One of the most well-known experiments that highlighting this phenomenon was done back in 1968 in the classroom of Jane Elliot, a primary school teacher. To illustrate the dangers of prejudice and discrimination, she ran a social experiment by dividing the class into groups based on their eye colour i.e. brown versus blue-eyed children. Then, she told the class that blue-eyed children were better than the brown-eyed children, gave them better privileges, and also treated them better. The next week, she turned the situation around by making the brown-eyed children the “superior” ones and the blue-eyed children the “inferior” ones. Results of the exercise were astonishing. Within a short time, the “superior” children were ridiculing their “inferior” classmates, calling them “stupid”, and avoiding them in the playground during recess. Even more astonishing was the fact that these “inferior” children’s academic performance suffered, even on tasks that were simple before6.

As illustrated so painfully in the example above, bullying can have far-reaching consequences on its victims. While physical scars may fade, the emotional scars may impact its victims for a lifetime, and even for others who are witnesses to the bullying8. Research has found that such children may live out their school lives feeling lonely, rejected, and terrified without any hope that things may change8. On the side of the bullies, risk factors for bullying behaviour include poor academic grades, absenteeism, truancy, and other sociocultural factors such as violence at home, excessive risk-taking behaviour, weak social ties, anti-social peers, poor parent-child relationships, lack of empathy, difficulty following rules, and substance abuse8, 9. As mentioned above, even witnesses may suffer effects such as feeling helpless to stop the bullying, feeling guilty, and fear that they might be next9.
“But why don’t kids ask for help?” Statistics show that an adult was notified only 40% of the time in bullying incidents among children10. Among the reasons that may silence bullying victims10:

1. Bullying can make the person feel helpless. They may fear being seen as weak or a tell-tale and may want to handle it themselves to feel in control.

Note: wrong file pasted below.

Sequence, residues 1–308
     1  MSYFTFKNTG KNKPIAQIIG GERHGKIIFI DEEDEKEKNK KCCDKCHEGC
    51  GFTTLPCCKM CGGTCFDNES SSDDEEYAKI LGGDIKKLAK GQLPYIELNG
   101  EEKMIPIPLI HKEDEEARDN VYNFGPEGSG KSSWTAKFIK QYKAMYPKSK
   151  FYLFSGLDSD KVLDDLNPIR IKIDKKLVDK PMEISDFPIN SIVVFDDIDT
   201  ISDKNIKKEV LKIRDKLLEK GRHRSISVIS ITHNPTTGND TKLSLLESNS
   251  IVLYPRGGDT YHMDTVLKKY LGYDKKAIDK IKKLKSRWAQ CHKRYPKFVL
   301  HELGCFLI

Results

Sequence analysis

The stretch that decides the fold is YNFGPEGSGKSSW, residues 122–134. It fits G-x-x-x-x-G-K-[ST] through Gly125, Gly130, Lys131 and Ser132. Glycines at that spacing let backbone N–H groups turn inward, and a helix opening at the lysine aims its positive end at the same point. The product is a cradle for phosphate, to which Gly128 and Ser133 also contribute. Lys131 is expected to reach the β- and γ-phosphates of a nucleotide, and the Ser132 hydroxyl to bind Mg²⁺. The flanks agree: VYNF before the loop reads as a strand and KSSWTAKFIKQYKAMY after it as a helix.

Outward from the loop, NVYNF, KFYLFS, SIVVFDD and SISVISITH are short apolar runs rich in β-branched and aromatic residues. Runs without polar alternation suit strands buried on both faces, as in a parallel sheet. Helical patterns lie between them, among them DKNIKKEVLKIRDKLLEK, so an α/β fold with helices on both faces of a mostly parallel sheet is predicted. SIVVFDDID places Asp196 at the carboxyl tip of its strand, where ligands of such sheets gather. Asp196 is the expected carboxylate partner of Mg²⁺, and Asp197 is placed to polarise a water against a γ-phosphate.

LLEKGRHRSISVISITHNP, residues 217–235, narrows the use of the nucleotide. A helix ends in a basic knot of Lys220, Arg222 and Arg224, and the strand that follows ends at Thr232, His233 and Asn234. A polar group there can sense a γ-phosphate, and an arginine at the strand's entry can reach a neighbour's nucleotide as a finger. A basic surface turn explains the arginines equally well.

2. The victim may be afraid of more consequences from the bully.
3. The victim may feel humiliated and may not want others to know about this.
4. The victim may feel isolated and that nobody can help them.

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In conclusion, bullying can take on a variety of forms, and can be as obvious as punching or as subtle as social exclusion. Regardless, its effects on its victims are well-documented in countries worldwide. Thus, we, as individuals and as a society, need to take action to stand against this social ill and extend healing and grace, not just for victims but for the bullies themselves. While bullies may have committed injury and hurt, the answer is not to villainize them but to help them too. In the next article, I will explore ways that we can help both the victims of bullying, and their aggressors.

References
1 http://www.mjpsychiatry.org/index.php/mjp/article/viewFile/49/48
2 http://www.thesundaily.my/node/366063
3 https://www.unicef.org/malaysia/campaigns_teachrespect-bullying.html
4 https://www.stopbullying.gov/what-is-bullying/definition/index.html
5 http://factmyth.com/ingroups-and-outgroups-explained/
6 https://www.psychologytoday.com/blog/fulfillment-any-age/201012/in-groups-out-groups-and-the-psychology-crowds
7 http://onlinelibrary.wiley.com/doi/10.1348/026151004772901096/abstract
8 https://www.unicef.org/malaysia/reallives_6945.html
9 https://nobullying.com/bullying-in-malaysia/
10 https://www.stopbullying.gov/at-risk/warning-signs/index.html#bullied

 
CSRJeremy